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IDEAL AND REAL GAS LAWS Gases, unlike solids and liquids have indefinite shape and indefinite volume. As a result, they are subject to pressure changes, volume changes and temperature changes. Real gas behavior is actually complex. For now, let's look at ideal Gases, since their behavior is simpler. By understanding ideal gas behavior, real gas behavior becomes more tangible. How do we describe an ideal gas? An ideal gas has the following properties: 1. An ideal gas is considered to be a "point mass". A point mass is a particle so small, its mass is very nearly zero. This means an ideal gas particle has virtually no volume. 2. Collisions between ideal Gases are "elastic". This means that no attractive or repulsive forces are involved during collisions. Also, the kinetic energy of the gas molecules remains constant since theses interparticle forces are lacking. Volume and temperature are by now familiar concepts. Pressure, however, may need some explanation. Pressure is defined as a force per area. When gas molecules collide with the sides of a container, they are exerting a force over that area of the container. This gives rise to the pressure inside the container. Problems Dealing With The Ideal Gas Law For a gas, pressure, volume, temperature and the moles of gas are all related by the following equation: The units of pressure, volume and temperature are dictated by the ideal gas law constant, R. The most common used value for R when dealing with gases is 0.0821 L . atm/mol . K. This unit requires that volume to be expressed in liters, pressure to be expressed in atmospheres, and temperature to be expressed in Kelvin. One thing to keep in mind is that temperature will always be expressed in the Kelvin scale when dealing with any of the gas laws. Let's start looking at some of the types of questions you may encounter using the ideal gas law. In some problems, you will know four out of the five possible variables, and be asked to solve for the fifth variable. It is important to note that the pressure, volume, moles or temperature of the gas is not changed. When these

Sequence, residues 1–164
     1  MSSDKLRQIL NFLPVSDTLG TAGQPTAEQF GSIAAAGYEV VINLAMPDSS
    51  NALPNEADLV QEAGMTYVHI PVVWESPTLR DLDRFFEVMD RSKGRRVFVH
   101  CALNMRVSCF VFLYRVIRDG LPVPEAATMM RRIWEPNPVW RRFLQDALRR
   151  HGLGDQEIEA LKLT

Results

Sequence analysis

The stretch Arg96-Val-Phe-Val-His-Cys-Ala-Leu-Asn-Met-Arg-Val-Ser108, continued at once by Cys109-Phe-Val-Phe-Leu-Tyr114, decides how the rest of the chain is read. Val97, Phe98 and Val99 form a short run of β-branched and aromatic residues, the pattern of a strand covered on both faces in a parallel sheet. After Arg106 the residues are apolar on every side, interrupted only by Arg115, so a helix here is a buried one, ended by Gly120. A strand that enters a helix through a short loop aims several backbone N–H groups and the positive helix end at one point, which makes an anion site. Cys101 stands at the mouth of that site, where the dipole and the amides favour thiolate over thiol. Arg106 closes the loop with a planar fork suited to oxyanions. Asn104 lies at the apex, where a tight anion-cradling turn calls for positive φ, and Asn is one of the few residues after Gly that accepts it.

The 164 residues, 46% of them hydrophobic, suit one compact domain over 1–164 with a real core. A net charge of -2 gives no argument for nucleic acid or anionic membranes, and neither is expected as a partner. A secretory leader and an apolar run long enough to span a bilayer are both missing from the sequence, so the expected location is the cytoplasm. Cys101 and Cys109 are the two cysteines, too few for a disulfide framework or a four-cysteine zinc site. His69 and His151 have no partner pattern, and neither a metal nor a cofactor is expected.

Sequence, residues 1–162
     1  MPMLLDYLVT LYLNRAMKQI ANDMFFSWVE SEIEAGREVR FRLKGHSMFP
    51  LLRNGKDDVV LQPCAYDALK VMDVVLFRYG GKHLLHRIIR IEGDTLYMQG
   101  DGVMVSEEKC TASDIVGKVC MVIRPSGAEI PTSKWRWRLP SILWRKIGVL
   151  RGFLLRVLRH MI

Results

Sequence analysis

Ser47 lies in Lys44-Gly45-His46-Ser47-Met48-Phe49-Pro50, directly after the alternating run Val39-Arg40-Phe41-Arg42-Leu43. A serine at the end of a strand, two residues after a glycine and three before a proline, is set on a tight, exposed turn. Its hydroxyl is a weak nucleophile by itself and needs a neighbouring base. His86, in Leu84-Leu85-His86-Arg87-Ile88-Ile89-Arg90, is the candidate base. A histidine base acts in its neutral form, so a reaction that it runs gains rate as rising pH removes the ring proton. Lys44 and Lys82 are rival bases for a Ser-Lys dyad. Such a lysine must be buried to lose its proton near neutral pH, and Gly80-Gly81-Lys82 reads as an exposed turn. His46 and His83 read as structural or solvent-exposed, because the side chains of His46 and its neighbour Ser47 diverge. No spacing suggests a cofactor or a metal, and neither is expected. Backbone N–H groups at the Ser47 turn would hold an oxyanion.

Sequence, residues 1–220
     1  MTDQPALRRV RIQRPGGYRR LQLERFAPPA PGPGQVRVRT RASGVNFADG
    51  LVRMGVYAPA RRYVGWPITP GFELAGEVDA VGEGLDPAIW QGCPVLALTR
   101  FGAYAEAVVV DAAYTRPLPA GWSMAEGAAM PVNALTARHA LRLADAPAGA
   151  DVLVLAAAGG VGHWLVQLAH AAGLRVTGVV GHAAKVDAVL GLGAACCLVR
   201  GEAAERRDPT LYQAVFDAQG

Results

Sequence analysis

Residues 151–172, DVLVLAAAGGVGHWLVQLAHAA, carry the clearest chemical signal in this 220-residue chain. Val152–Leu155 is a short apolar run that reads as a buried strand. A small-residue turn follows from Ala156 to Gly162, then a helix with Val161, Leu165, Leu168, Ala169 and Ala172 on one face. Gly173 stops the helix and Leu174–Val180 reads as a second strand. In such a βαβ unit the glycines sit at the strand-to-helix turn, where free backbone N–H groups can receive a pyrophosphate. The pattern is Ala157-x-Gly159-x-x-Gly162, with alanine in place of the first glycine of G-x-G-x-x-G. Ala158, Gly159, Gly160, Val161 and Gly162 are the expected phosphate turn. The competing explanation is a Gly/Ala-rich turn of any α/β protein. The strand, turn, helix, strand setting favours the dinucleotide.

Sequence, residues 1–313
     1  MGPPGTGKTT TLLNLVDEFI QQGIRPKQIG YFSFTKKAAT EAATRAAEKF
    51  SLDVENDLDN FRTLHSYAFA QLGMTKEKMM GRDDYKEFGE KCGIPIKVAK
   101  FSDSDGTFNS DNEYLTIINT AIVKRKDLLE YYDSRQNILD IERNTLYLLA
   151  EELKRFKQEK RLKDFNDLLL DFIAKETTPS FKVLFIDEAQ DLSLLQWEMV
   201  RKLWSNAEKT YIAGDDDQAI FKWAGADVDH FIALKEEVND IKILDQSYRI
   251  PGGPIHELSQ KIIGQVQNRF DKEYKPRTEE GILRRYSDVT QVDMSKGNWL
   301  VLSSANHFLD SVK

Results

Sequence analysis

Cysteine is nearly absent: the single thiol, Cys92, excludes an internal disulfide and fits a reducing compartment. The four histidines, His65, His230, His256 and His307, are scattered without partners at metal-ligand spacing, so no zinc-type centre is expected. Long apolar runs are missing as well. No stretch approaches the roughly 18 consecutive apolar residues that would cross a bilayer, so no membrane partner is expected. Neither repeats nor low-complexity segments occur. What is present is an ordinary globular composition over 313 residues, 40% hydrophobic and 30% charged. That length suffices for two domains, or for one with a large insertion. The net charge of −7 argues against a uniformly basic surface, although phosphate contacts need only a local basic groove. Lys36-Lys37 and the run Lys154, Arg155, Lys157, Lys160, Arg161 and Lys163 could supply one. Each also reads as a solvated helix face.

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variables are changed, a different type of problem is apparent, and we will shortly look at these types of problems. Suppose you have 1.00 mol of a gas at 0 o C, occupying a container which is 500 mL in size. What is the pressure of this gas in atmospheres? To solve this problem, consider that moles, temperature, volume and the ideal gas law constant, R, are known. Pressure is the only unknown variable. Recall that R will dictate the units. The temperature is given in Celsius. This must be converted to the Kelvin scale. To convert Celsius to Kelvin, add 273 to the Celsius temperature: K = o C + 273 = 0 o C + 273 = 273 K Also, the volume must be in liters, not milliliters. Convert as follows: Now we are ready to insert the known values into the ideal gas law: Solve for pressure by dividing both sides of the equation by the volume, 0.500 L: Notice how the units cancel to give atmospheres. Next, let's find the volume of 2.50 mol of gas which is at 730 mm Hg of pressure,
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This note was uploaded on 03/13/2008 for the course PHY 122 taught by Professor Svetlana during the Spring '07 term at Cal Poly Pomona.

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